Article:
LinkedIn Changes The Way Groups Appear In Searches

May 18, 2012
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Groups are a great feature on LinkedIn, and there’s much to be gained by entering and successfully engaging members within a group. If you are the creator or moderator of a group, then you’re all the better to be positioned as an authority in that specific space. We’ve operated an LI group that has grown into the largest of its kind in the greater Chattanooga area.

The advantage of establishing a strong group presence (with a large number of members) is that when people do a group search within LI for the key word that best identifies your group, you come up high in the search results. Ranking was always determined by the number of members a group had with the top ranking reserved for the group with the most members. That is until now.

When searching the “Chattanooga” in the group search bar, LinkedChattanooga was always ranked second behind The University of Tennessee Alumni Club. Since the group was created back in July 2008, long before any other “Chattanooga-specific” groups were around, it has always been #1 or #2 in the internal LinkedIn search rankings. We like to think the thoughtful moderation and curation of relevant material has made the group thrive too. However, we can’t deny it doesn’t hurt to be right up there near the top when someone does a search for “Chattanooga” groups.

Last week we noticed a drop in the number of people requesting entry into the group. Wanting to figure out why this was happening we did a search with the keyword “Chattanooga” within LinkedIn groups. The result was shocking. We were no longer a top ranking group – we weren’t even on the first page anymore. It took having to hit the “next” button six times to find the group. We were buried on page seven of the search results. Not good.

The search results were like nothing we’ve seen before. Groups, and sub-groups, with lower membership numbers were ranking high. Some groups (like ours) with larger membership were buried underneath. Not liking this we decide to inquiry with LinkedIn as to what was happening. ¬†There response was as follows:

 

 

Their explanation, although not full of details, was enough to put us on the path to fixing the problem. The name of our group was “LinkedChattanooga” so we thought breaking the two words out would be a good start. LinkedIn didn’t think so though. Their rules state that a group can not have the word “LinkedIn” in the title, and apparently the word “Linked” is close enough so our attempt to change the name of the group to “Linked Chattanooga” failed.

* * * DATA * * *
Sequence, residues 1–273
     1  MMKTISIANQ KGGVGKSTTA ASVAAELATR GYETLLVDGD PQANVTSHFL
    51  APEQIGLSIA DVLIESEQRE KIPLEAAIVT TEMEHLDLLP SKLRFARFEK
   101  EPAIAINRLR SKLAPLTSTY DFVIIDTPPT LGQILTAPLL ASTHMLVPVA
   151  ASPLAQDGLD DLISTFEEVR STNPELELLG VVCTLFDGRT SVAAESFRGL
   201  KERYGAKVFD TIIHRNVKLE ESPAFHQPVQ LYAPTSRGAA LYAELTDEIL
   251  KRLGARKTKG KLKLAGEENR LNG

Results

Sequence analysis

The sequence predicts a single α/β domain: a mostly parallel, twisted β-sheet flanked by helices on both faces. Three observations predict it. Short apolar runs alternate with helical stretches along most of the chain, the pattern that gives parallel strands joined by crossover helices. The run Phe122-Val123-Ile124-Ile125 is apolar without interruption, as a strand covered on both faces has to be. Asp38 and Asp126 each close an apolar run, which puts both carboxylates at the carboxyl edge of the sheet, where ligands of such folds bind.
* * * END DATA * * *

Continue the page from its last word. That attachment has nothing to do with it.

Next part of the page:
We had to take another route. We saw from the search results that the key word (“Chattanooga” in this case) did not have to be the first word. A group named “Network Chattanooga” was in the top spot. There were others that had five or six words in the title where the key word appeared in the third, fourth or fifth position. This led us to believe the keyword did not have to be in the first position.

Next we looked at the group description and how that related to the search results. We knew it was unlikely anyone was trying to game the system with keyword stuffing since this change by LI was so recent. The descriptions of the groups ranking high did contain the key word at least once, but none of them were blatantly stuffed.

Our existing description already contained the key word, but we decided to rewrite it anyone. The result was a slight uptick in our search ranking, but nothing to get excited about. We were still buried pages into the search. It was becoming apparent that we had to change the name of our group if we wanted to get back on the first page.

Since LinkedChattanooga was always connected to BusinessChatt.com, a site managed by us, we thought about changing the name to Business Chatt, but rather than take a chance of it not working we opted to switch it to “Business Chattanooga”. LinkedIn has a policy that you can only make changes to a group’s identity ¬†(group logo, name, type, summary, description, website) a handful of times so we wanted to get it right with minimal tweaking.

The good news is the changes worked! See for yourself. We’re back on top, but only after some careful deliberation. How often do we, as companies, marketers and professionals, take for granted that the rules can be changed at any time. Social media sites are free to use (for the most part), but we should always remain vigilant to avoid having the rug pulled out from underneath us.

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